Q12. Can you breed Bettas?
    A12. Yes. It takes a small investment in some basic equipment and your chances of sucess increase if you already keep Bettas and understand how to keep them healthy and happy. Be prepared to invest quite a lot of time into raising the spawn as well.

    Breeding is beyond the scope of this FAQ - you can read about my first attempt in my Betta Breeding Journal.

    Q13. What should I feed my Bettas?
    A13. Dry pellets are a good staple, use a quality brand such as Hikari Betta Bio-Gold. Bloodworms make a good supplement (frozen is fine) and can be fed twice a week. Thawed frozen peas (without shells) will help clean out the Bettas digestive tract and should be fed once a week. Try to feed your Bettas small amounts over multiple feedings as opposed to a large amount once a day. Un-eaten food will contribute to ammonia/nitrate levels and increase the need for water changes.

    More coming...
     
    Last edited: Sep 2, 2009
  2. OP
    OP
    Amran

    Amran Member

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    -- Reserved just in case the thread ends up huge or maybe for some pics --
     
  3. keeni

    keeni Member

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    I've always been interested in Bettas what is involved with breeding them?
     
  4. HairyMerkin

    HairyMerkin Member

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    What types of fish go well with Bettas in a tank?
    How do you actually say 'Betta' -Better, or baeta?
     
  5. tgf

    tgf Member

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    Brilliant idea for a thread. Props to the OP!
     
  6. Daft_Munt

    Daft_Munt Member

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    OP you might want to add this to the OCAU wiki.
     
  7. Sleepy Dude..

    Sleepy Dude.. Member

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    i used to have a Betta... but he died when i went on Vacation. :(

    I Named him Lord Fishywishy, and he Guarded my computer :D
     
  8. OP
    OP
    Amran

    Amran Member

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    Answered the questions that have been asked so far.

    Yep thats a good idea...I'm just thinking that most people tend to post a question here before checking the Wiki. I'll give it some time and see what works best, thanks for the suggestion though. I'm also worried that if I post this to the wiki then everyone is going to change figures for tank sizes to suit their own ideas without really have a constructive debate about it.

    Having said that, I'm working on the Wiki version now.
     
    Last edited: Sep 2, 2009
  9. Baringa

    Baringa Member

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    I know nothing about keeping fish, so I'm interested to know what kind of environment/lighting is good for a betta.
     
  10. HairyMerkin

    HairyMerkin Member

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    Seconded, can I have awesome led lights and shit, or do I need a nice light at the top and that's it.

    I want purple and blue lights damnit.
     
  11. Baringa

    Baringa Member

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    I'm more interested on where in the house I should put them ;)
     
  12. HairyMerkin

    HairyMerkin Member

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    And at night, do you turn all the lights off, or put a sheet over the tank
     
  13. OP
    OP
    Amran

    Amran Member

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    As far as where to keep them within the house, pretty much anywhere is fine. Things to look out for would be big fluctuations in temp, exposure to sunlight (bad) and maybe keep them away from where kids might tap tap tap on the glass.

    Lighting, well I just have a timer that turns the lights on in the morning and off in the evening. The ones I have in the house get some more light in the living room during the evening, but really the determining factor in how long your lights stay on is plant life - usually the amount of algae you have in the water - too much algae means you should lessen the time the lights are on for.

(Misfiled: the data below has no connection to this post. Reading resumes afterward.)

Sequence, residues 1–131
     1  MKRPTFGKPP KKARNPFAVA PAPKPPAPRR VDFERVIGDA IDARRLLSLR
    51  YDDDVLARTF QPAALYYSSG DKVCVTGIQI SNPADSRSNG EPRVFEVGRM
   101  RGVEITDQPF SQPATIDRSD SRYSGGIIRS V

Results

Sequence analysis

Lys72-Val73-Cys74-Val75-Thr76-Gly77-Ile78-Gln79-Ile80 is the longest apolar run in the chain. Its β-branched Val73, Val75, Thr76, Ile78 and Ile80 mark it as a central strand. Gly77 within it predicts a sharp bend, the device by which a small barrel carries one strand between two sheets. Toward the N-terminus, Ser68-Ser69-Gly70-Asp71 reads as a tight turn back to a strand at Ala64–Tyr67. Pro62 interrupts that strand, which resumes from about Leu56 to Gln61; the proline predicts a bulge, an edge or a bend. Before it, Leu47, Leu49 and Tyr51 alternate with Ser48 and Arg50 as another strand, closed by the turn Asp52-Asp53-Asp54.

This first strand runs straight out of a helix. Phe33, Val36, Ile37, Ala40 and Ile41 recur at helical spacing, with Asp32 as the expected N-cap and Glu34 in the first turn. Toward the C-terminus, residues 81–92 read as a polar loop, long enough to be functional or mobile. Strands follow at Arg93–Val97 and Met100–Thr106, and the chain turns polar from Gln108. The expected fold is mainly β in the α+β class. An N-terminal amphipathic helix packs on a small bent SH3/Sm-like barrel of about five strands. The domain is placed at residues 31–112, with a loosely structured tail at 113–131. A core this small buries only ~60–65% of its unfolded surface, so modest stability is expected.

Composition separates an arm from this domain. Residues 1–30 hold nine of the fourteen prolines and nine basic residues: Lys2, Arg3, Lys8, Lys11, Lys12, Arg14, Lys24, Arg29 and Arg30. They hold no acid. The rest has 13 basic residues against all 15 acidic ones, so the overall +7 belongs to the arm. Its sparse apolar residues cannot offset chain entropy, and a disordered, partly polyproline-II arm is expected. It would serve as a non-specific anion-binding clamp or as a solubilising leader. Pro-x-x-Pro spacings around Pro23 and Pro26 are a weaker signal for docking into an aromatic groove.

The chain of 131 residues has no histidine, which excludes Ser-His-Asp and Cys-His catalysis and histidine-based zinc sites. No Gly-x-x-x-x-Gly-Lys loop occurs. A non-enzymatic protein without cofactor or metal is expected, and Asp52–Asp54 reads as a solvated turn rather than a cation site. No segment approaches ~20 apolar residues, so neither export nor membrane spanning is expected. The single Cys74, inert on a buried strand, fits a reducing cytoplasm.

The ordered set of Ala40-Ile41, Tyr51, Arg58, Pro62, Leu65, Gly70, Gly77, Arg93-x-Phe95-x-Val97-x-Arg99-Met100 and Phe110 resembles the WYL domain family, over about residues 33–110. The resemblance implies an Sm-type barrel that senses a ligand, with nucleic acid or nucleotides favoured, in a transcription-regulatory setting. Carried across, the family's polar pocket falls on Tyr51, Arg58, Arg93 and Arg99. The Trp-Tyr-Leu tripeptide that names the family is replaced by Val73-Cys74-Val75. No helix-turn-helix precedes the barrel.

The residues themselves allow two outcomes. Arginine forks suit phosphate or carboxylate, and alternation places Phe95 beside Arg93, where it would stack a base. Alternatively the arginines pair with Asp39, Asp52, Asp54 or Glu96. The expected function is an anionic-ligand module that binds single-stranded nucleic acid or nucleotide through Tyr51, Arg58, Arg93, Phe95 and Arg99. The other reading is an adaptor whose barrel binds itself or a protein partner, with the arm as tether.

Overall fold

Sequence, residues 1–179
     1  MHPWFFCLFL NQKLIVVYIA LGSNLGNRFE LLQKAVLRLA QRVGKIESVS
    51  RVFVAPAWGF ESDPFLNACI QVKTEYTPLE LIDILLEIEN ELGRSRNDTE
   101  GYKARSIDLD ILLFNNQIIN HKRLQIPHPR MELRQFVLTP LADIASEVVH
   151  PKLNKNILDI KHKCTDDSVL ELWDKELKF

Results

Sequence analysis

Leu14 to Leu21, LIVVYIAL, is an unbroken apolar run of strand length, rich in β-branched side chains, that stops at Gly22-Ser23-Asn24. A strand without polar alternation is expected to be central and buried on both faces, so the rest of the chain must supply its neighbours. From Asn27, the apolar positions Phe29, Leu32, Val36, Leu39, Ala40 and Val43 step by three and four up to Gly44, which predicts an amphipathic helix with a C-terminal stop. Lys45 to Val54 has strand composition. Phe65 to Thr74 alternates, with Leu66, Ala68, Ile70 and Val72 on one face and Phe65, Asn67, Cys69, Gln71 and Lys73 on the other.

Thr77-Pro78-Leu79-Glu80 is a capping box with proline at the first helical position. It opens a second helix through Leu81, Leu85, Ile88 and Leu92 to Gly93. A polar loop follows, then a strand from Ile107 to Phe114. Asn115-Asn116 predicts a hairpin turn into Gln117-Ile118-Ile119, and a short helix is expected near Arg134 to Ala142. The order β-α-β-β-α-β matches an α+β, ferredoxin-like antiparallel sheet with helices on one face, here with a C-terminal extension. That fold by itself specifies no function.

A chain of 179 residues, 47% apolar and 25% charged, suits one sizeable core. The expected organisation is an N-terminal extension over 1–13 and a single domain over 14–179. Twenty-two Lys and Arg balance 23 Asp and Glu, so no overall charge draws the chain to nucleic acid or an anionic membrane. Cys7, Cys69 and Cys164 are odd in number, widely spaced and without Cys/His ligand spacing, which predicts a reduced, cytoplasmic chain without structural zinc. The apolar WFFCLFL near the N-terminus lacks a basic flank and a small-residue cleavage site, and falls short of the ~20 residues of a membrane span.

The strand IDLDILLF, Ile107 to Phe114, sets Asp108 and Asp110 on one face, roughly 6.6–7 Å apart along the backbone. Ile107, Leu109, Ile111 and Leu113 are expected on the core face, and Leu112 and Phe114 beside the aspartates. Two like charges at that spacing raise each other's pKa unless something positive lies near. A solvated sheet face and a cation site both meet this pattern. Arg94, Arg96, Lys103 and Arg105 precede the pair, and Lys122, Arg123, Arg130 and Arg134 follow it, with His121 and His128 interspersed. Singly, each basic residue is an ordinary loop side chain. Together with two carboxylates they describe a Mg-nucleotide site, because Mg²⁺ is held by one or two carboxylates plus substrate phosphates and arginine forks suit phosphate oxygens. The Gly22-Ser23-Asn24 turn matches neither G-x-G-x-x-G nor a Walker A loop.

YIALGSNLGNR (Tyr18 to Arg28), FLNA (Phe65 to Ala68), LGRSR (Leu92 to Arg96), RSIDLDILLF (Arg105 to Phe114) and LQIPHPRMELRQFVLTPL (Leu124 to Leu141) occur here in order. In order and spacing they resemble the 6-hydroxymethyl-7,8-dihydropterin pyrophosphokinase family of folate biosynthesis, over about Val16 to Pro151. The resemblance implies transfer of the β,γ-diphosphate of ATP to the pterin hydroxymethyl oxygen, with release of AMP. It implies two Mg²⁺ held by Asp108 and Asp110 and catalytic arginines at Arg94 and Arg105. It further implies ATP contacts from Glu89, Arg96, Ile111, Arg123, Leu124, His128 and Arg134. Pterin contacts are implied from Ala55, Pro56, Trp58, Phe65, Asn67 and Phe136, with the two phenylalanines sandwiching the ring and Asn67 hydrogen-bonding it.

And blue/purple lights etc...well I've never tried it. I'd suggest getting a Betta, making sure everything else is right and then adding those lights - see how he reacts to it.
     
  14. Sleepy Dude..

    Sleepy Dude.. Member

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    Turn off the light. :thumbup:
     
  15. OP
    OP
    Amran

    Amran Member

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    Do you mean your tank lights or the light in the room? Turn off the tank lights and just do you own thing with the lights in the room. Assuming you are not too much of a night owl, they will still get plenty of time in the dark to rest.
     
  16. ryooma

    ryooma (Banned or Deleted)

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    is it okay to put 3 females + 1 male in a 60L tank (possibly bigger as I'm considering a 4ft tank)? I'll be throwing other fish (like those mentioned in this thread and other thread (e.g. tetras/etc)) in the tank as well.

    are live plants okay? drift wood/rocks?

    Thank you :)
     
    Last edited: Nov 9, 2009
  17. Urban_Jungle

    Urban_Jungle Member

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    Bugger the poor little guy I bought my wife on the weekend is in a 10 litre tank :(. Well a perspex ice bucket actually.
     
  18. tgf

    tgf Member

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    My hand goes up for this question as well. However my tank is slightly smaller. I reckon it's 20 maybe 25 litres. Currently have what I think is one male Beta in there at the moment with a few neons. However in the interest of having Beta's, neons can be moved to another tank if it's possible to have a couple of femal beta's in there.
     
  19. malignau

    malignau Member

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    22L and 60L are too small to be housing males and females together. You'll be needing a tank thats at least 4 foot long to house them safely together. The male needs to be able to establish his own territory and leave enough space for the males and females to hide from each other.

    However I recommend not putting females and males together full stop. I dont believe they should be in the same tank unless specifically for breeding and only during the breeding process. Housed in tanks that are of inadequate size can lead to dead males or dead females, either from attacking each other or being over stressed or a combination of both.

    Live plants are great for all types of fish including bettas. Just make sure your plenty of hiding spots and that the water current isnt too strong for them. Also make sure the plants dont cover the surface, as bettas need space to breathe at the surface. Driftwood + rocks are fine as long as they arent sharp.
     
  20. SuiCid3

    SuiCid3 Member

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    I thought male-female fighting wasn't as brutal as male-male?